Special Agent
Cleveland Field Office

I was in middle school when I first heard about the FBI, and I was instantly intrigued. But I am a first generation American, and my parents had negative associations with the government and law enforcement because of their early experiences in Vietnam. My upbringing also encouraged girls and women to be more timid and submissive, so telling my parents about my career choice was difficult at first.

I first entered law enforcement as a rookie officer with the Northglenn Police Department in Colorado. I found during my time as a police officer that I needed more life experience and leadership skills so I also joined the Navy Reserves. I graduated from the FBI Academy in 2019 and now support the Joint Terrorism Task Force in Cleveland. I speak Chinese and Vietnamese, which is often helpful in my work.

What drew you to the FBI?

The opportunities and resources that the FBI has to offer are not available anywhere else. It is amazing to see first hand what happens when the FBI comes together to serve the country. From the events of 9/11 to the Nashville bombing response to the rescue of Hannah Anderson, it is a remarkable organization, made up of exceptional individuals.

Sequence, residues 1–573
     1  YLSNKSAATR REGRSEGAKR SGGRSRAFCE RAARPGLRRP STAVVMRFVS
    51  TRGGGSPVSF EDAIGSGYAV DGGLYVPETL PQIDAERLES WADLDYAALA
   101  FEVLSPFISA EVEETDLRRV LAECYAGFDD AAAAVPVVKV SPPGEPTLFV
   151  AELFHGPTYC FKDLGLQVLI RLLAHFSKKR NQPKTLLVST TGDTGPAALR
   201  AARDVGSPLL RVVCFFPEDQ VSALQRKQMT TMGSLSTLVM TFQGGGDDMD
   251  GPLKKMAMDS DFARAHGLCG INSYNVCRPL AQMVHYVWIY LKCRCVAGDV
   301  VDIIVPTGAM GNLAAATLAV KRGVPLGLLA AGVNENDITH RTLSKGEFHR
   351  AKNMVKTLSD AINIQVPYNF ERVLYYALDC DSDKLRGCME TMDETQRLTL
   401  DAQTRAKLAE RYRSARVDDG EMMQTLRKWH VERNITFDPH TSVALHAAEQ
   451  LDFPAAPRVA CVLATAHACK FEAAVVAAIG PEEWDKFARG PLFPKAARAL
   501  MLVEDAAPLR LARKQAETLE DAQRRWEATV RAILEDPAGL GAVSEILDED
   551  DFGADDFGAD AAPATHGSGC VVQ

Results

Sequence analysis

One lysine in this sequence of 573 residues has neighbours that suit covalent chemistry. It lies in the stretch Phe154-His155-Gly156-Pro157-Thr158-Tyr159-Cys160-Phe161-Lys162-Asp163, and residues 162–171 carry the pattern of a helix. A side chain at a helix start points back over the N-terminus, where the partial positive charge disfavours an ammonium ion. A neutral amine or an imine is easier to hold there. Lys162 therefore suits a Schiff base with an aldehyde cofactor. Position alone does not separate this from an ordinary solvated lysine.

ELT: Cleveland Field Office

Photo courtesy of Shane Gearhart, Ohio Tactical Officers Association.

What is the best career or life advice you have to give?

During my time in the police department, my mentor wisely told me: “[Fill in the blank] is like dust, dishes, and laundry. It’ll always be there. Sometimes you have to let it go.” That “blank” could be fear, anxiety, or whatever limitations you may have. Since they probably aren’t going away on their own, push through.

Who made a difference in your career? How?

Early in my career I worked with “Louie,” who was at the end of a 37-year career with his department and as an FBI task force officer. He always answered late phone calls to help his squad mates on a case. He was patient in helping newcomers learn the details of the work, and he inspired me to always pursue the right answer—even if it was not the one I wanted. He was a detective—to his very last day on the job. He knew everyone, and everyone knew him. If you needed something, Louie had someone he could call. I saw the dedication to work, his commitment to family, and how he upheld the highest values of being a law enforcement officer and investigator for the FBI. I still try to follow the example he set.